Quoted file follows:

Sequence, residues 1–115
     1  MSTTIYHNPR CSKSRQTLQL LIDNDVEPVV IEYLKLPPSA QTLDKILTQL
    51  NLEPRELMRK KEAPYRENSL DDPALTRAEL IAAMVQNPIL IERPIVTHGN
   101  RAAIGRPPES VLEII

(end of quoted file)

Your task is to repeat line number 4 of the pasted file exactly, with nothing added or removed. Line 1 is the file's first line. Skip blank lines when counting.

   101  RAAIGRPPES VLEII